On Nutrition by Ed Blonz

ERR ON THE SAFE SIDE DURING PREGNANCY

DEAR DR. BLONZ: Two weeks ago, I found out I was seven weeks pregnant with my second child. I typically have irregular periods and I had no idea that I was pregnant. I had been drinking wine periodically with dinner, but I am now concerned that this might have affected my unborn child. Aside from this, I have a good diet and take good care of myself. Several women have told me that they had a glass of wine every day or so during their pregnancies, and that nothing happened to their babies. Another friend heard from her doctor that a glass of wine once in a while during her pregnancy wouldn't do any harm. But then I read the horror stories. How could anyone know what is safe or unsafe given this conflicting information? Please do what you can to clarify. -- D.D., Berkeley, Calif.

DEAR D.D.: First, let me offer my congratulations on your pregnancy. The question of whether your wine consumption might have had (or will have) an effect on your developing child is difficult to answer with any degree of certainty. We simply don't know. Research and statistical tables are available that reveal associations between the level of alcohol consumption and subsequent problems for the developing child. In most cases, the connection gets made between risk and the habitual amount of alcohol consumed.

You are not the first woman to find out that she was pregnant while engaging in a healthful lifestyle that might have included a moderate consumption of wine. It is not an uncommon circumstance, so don't let it consume you with guilt. There are many studies with gobs of statistics in the scientific literature. Abusive or binge drinking has been associated with problems, but a low-to-moderate intake (not daily, or less than an average of one drink per day with a meal) does not appear to be associated with any harm to the health of the child or mother. Having the alcohol with food is important.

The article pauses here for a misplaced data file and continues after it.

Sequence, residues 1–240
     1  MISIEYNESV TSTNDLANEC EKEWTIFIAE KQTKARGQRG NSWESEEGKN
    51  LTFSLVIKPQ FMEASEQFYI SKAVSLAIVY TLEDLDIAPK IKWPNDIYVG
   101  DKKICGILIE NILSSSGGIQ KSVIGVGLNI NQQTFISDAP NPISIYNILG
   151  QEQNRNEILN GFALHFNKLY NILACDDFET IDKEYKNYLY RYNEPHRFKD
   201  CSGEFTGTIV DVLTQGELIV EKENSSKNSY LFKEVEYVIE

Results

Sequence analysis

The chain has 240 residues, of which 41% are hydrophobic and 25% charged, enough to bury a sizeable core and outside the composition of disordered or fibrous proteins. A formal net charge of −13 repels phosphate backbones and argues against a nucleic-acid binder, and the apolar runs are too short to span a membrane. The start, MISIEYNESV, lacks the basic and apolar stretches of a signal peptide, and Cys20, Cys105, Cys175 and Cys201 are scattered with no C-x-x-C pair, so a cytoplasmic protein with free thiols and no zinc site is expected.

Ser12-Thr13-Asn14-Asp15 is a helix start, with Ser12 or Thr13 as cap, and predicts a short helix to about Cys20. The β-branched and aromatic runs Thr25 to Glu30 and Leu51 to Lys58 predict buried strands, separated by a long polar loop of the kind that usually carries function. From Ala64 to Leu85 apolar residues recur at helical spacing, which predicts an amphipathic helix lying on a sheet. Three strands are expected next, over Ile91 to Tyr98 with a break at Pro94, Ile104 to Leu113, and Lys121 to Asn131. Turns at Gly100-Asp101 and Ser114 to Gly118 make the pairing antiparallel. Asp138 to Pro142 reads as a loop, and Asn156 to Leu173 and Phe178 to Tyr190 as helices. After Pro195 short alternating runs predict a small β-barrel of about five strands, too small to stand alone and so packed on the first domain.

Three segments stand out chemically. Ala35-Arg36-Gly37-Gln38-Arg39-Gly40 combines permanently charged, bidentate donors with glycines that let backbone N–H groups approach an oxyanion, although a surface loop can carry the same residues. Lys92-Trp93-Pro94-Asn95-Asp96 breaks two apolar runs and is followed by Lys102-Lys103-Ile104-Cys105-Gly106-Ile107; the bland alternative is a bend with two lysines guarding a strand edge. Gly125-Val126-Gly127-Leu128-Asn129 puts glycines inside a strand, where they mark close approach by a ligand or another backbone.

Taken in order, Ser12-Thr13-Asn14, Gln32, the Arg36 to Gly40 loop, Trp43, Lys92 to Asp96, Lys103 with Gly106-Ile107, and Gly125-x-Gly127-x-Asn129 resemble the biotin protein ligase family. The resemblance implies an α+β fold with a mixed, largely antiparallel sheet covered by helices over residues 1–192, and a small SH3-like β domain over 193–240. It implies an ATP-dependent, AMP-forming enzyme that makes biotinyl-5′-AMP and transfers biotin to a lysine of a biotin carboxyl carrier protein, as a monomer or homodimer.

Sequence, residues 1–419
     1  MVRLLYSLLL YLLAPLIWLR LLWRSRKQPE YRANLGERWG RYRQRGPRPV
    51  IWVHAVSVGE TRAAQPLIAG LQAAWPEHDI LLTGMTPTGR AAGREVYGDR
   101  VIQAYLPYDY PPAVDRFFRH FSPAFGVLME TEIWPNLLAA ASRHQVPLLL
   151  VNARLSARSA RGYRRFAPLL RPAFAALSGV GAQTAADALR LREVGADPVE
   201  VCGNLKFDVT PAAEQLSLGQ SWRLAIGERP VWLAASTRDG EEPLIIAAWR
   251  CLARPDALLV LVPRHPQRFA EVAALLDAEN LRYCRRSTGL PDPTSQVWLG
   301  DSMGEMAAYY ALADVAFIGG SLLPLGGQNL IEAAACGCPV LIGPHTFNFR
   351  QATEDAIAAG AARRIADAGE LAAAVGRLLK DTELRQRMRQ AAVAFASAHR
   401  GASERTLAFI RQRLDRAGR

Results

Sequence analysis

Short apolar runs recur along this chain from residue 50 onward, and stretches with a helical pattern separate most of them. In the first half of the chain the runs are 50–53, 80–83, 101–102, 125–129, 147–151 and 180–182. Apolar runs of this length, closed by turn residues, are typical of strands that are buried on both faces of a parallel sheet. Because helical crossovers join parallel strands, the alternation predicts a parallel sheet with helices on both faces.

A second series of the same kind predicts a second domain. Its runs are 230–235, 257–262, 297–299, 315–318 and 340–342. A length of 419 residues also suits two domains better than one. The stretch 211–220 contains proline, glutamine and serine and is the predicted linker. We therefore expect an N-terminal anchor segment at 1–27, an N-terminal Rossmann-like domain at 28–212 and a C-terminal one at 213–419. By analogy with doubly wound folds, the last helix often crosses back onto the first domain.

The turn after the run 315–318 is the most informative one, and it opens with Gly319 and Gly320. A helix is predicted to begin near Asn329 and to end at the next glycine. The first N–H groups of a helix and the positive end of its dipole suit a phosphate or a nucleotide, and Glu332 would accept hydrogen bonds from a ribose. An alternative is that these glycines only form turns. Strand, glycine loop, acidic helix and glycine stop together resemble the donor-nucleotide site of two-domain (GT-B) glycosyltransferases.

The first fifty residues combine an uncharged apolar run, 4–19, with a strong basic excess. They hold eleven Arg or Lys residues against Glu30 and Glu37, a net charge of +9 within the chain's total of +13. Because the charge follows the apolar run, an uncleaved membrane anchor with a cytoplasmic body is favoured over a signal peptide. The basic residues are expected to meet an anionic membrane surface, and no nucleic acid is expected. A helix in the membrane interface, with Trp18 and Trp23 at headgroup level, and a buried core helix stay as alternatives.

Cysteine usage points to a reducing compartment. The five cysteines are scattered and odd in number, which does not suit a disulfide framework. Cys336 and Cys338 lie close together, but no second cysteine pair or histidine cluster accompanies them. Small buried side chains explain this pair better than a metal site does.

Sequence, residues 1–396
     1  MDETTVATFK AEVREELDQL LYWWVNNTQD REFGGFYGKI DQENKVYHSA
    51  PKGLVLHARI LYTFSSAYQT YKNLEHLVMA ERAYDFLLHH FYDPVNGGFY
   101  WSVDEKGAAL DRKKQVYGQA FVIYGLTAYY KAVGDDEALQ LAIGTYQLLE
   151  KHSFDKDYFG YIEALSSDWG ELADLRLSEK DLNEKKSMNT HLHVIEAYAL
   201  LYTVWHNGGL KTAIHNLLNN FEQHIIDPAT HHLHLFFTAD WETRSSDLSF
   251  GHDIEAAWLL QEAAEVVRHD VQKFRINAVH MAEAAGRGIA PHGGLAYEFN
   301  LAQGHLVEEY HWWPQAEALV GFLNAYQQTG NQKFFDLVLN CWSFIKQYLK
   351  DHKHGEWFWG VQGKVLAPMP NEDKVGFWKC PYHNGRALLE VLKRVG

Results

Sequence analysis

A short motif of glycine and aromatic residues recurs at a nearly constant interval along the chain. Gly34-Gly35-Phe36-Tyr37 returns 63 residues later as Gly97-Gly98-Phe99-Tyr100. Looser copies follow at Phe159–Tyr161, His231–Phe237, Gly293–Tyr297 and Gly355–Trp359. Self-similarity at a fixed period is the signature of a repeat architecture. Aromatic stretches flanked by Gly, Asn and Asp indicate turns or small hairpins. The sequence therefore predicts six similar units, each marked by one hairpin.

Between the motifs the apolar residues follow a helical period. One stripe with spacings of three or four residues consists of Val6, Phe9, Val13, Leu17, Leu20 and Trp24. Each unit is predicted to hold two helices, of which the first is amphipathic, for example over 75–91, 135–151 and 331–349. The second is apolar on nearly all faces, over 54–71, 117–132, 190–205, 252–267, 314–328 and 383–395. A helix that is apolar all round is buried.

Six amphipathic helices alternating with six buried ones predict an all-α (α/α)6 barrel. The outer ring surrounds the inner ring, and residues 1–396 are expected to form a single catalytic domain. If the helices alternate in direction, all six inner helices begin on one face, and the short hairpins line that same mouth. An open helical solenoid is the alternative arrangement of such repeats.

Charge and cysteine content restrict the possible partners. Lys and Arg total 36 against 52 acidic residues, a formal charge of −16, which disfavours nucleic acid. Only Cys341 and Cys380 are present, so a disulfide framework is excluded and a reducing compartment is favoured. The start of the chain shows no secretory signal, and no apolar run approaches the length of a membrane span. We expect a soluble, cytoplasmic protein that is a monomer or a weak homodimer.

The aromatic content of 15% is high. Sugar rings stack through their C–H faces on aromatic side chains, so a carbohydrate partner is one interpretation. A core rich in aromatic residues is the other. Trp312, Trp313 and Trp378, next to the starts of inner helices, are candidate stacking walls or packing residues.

Indeed, in a systemic review of available evidence in the January 2007 issue of BJOG, the International Journal of Obstetrics and Gynaecology, it was reported that there was no convincing evidence of adverse effects from low-to-moderate levels of alcohol intake. This being said, however, it must be emphasized that any excess of alcohol is definitely dangerous, and that alcohol is not essential for the health of your child. Of all the times in life, pregnancy is not one to take risks, however small. I recommend that you talk about these issues with your OB/GYN, and until you have had that conversation, consider tapering off your consumption of wine, if you haven't stopped already. It is always best to err on the side of safety.

Send questions to: "On Nutrition," Ed Blonz, c/o Universal Uclick, 1130 Walnut St., Kansas City, MO, 64106. Send email inquiries to questions@blonz.com. Due to the volume of mail, personal replies cannot be provided.